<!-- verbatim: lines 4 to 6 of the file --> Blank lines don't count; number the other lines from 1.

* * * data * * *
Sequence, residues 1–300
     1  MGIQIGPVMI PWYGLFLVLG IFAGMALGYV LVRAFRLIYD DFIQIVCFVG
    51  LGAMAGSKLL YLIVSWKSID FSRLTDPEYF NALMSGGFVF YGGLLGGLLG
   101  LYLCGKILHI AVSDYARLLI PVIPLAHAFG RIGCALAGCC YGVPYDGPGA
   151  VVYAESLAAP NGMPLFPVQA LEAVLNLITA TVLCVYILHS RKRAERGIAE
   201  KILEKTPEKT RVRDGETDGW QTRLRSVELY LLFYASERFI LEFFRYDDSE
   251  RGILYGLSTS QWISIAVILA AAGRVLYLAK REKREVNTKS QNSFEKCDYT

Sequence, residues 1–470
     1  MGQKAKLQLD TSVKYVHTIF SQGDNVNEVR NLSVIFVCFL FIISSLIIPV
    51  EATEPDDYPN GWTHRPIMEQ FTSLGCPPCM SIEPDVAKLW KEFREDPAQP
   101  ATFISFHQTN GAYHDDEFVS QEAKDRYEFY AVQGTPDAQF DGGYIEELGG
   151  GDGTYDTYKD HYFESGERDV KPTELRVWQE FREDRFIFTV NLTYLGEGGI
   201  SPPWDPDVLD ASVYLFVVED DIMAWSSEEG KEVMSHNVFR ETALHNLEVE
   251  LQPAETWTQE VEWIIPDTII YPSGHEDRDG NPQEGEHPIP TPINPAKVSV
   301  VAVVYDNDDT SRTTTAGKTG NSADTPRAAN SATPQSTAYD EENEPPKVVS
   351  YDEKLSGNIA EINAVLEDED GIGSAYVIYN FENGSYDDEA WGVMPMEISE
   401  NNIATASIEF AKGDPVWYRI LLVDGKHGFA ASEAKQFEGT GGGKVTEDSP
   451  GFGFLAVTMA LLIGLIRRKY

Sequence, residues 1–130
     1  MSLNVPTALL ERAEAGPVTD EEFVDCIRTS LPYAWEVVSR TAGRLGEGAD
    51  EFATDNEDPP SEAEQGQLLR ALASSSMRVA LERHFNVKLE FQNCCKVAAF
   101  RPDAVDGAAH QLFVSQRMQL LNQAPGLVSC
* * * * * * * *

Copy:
   101  LYLCGKILHI AVSDYARLLI PVIPLAHAFG RIGCALAGCC YGVPYDGPGA
   151  VVYAESLAAP NGMPLFPVQA LEAVLNLITA TVLCVYILHS RKRAERGIAE
   201  KILEKTPEKT RVRDGETDGW QTRLRSVELY LLFYASERFI LEFFRYDDSE